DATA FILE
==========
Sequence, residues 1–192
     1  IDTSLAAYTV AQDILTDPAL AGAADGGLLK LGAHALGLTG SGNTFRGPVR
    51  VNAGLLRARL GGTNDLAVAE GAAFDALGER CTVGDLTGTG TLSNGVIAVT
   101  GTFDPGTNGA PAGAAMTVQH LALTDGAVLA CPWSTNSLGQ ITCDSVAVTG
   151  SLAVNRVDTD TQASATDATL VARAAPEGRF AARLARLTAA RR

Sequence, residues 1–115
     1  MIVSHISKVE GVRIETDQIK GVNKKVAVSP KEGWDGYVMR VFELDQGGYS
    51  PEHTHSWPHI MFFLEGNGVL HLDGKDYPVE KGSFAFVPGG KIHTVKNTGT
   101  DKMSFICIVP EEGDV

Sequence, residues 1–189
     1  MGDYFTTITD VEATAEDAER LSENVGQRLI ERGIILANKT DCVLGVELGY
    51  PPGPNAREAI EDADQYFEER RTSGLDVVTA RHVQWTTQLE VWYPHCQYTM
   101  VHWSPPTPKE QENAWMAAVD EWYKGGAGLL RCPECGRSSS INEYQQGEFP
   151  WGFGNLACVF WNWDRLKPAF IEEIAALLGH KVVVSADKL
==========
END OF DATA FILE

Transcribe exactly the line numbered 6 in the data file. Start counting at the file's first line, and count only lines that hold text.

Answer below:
Sequence, residues 1–115